He was embalmed when he died and was buried in a tomb close to the Step Pyramid. When the Exodus of the Israelites took place, his mummy was removed from the tomb and carried by the Israelites to the Promised Land where he was finally put to rest. In later times, Imhotep became an object of worship and was deified by the Egyptians and the Greeks who built temples to honor him and brought mummified animals to offer to his empty tomb.
Today, most Egyptians are either Muslim or Christian and there are not many worshipers of Re.
The Pharaoh and the Egyptians recognized Joseph / Imhotep as a great ‘seer’ and Joseph was able to help save Egypt. In so doing, Joseph / Imhotep became quite an influential figure in Egypt. With his influence, he was able to ensure the safety of his family.
God used Joseph to save His chosen people, the Israelites. Joseph may have tried to steer the Egyptians towards Jehovah, but his main objective was to save his family and allow them to grow into a Nation.
It may well have been Joseph / Imhotep who introduced circumcision to Egypt.
Imhotep / Joseph’s children, Ephraim and Manasseh, were born before the famine and lived with the Israelites. Legend has it that Imhotep / Joseph’s wife, Asenath, died in child birth . Ephraim and Manesseh’s descendants became two of the largest of the twelve tribes of Israel. Imhotep / Joseph’s descendants left Egypt with the Israelites when the Exodus took place 430 years after Imhotep / Joseph first came to Egypt. At the end of his life, Joseph / Imhotep wanted his bones to be carried back to the promised land to be buried with his fore fathers. He was clearly loyal to the God of Abraham.
Both Christianity and Islam (as well as Judaism) are Abrahamic religions that believe the Old Testament is true.
Identifying the correct historical counter parts of Abraham, Joseph and Moses would not only help to affirm these religions for those who doubt, it would give added meaning and significance to ancient history which has been lost or distorted as a result of wars and natural disasters or white washing over the ages.
Genesis 41:45 Pharaoh gave Joseph the name Zaphenath-Paneah and gave him Asenath daughter of Potiphera, priest of On, to be his wife. And Joseph went throughout the land of Egypt.
Genesis 41:50 Before the years of famine came, two sons were born to Joseph by Asenath daughter of Potiphera, priest of On.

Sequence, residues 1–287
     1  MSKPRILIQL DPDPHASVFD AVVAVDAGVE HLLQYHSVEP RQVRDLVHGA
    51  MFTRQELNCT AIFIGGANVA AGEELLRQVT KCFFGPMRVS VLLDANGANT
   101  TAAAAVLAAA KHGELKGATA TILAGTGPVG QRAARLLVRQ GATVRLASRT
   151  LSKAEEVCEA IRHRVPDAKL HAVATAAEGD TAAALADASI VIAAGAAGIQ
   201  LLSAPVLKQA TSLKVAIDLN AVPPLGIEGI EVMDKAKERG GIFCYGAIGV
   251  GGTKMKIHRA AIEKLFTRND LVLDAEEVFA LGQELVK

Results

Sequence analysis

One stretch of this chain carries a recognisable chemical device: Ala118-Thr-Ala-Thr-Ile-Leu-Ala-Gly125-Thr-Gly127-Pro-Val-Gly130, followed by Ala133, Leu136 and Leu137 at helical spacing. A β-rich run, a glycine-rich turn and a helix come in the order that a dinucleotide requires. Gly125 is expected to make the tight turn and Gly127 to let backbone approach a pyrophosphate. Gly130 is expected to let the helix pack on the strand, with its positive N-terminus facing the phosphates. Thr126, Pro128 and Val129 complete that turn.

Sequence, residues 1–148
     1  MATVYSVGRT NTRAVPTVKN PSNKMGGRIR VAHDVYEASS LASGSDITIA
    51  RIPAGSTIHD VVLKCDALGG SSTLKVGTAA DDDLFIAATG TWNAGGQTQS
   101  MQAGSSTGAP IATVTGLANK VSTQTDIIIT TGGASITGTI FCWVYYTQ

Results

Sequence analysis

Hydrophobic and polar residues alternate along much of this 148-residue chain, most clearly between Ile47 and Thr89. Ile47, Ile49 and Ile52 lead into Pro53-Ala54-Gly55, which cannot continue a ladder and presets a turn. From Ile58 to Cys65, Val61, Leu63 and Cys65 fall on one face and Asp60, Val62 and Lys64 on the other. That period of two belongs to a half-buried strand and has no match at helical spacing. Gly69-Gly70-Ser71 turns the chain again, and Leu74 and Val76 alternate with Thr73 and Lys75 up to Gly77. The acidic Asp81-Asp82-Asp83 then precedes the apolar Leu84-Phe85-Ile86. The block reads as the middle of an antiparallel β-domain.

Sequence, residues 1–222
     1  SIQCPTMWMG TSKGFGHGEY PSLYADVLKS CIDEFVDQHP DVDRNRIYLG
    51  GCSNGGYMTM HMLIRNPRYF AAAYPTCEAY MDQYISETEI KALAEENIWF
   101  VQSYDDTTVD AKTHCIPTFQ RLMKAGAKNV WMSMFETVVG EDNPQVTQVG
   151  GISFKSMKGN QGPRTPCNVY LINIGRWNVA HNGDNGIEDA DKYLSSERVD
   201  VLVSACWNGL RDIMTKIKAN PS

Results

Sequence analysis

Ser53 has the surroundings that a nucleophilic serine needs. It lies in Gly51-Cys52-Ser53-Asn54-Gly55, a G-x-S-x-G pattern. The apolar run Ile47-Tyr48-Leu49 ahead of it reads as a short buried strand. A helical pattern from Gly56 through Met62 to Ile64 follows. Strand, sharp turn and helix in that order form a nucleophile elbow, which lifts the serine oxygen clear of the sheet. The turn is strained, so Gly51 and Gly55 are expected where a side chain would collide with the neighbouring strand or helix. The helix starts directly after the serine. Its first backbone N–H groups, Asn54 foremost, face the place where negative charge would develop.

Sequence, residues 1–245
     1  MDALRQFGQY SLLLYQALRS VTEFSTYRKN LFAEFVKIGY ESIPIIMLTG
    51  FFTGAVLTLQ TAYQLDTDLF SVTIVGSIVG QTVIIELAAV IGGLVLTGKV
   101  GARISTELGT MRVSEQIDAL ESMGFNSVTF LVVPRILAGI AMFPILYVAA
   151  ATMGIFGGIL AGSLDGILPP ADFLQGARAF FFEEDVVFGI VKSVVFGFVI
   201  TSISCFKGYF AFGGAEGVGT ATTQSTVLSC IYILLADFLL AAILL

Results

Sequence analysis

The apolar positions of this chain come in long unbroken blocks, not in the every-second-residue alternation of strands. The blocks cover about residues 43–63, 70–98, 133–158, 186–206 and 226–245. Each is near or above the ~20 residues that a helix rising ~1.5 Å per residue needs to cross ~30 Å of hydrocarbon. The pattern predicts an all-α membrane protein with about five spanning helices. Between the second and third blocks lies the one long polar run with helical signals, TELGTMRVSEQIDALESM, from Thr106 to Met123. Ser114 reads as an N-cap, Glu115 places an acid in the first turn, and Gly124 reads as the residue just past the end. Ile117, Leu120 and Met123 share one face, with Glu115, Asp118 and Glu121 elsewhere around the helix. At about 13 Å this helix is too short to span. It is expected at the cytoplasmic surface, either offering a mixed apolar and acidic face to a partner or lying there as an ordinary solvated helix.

Genesis 46:20 In Egypt, Manasseh and Ephraim were born to Joseph by Asenath daughter of Potiphera, priest of On.
Genesis 50:25 And Joseph made the Israelites swear an oath and said, “God will surely come to your aid, and then you must carry my bones up from this place.”
Genesis 50:26 So Joseph died at the age of a hundred and ten. And after they embalmed him, he was placed in a coffin in Egypt.
Exodus 13:19 Moses took the bones of Joseph with him because Joseph had made the Israelites swear an oath. He had said, “God will surely come to your aid, and then you must carry my bones up with you from this place.”
Joshua 24:32 And Joseph’s bones, which the Israelites had brought up from Egypt, were buried at Shechem in the tract of land that Jacob bought for a hundred pieces of silver from the sons of Hamor, the father of Shechem. This became the inheritance of Joseph’s descendants.
Hebrews 11:22 By faith Joseph, when his end was near, spoke about the exodus of the Israelites from Egypt and gave instructions concerning the burial of his bones.
The empty sarcophagus of Imhotep in a funerary pit connected to the Ibis Gallery. Dating to the time of Djoser, third dynasty, the tomb was orientated to the North indicating Imhotep did not worship the Egyptian Gods. (Jonathan Gray)
forward video to 29min 10 seconds to see the entrance of the Step Pyramid complex. The columns had the shape of a corn cob.
forward video to 33min 10 seconds to see the Grain storage system designed by Imhotep / Joseph.
forward video to 38min 0sec to see the Ibis Gallery
forward video to 38min 35seconds to see Imhotep’s tomb with an empty sarcophagus orientated to the north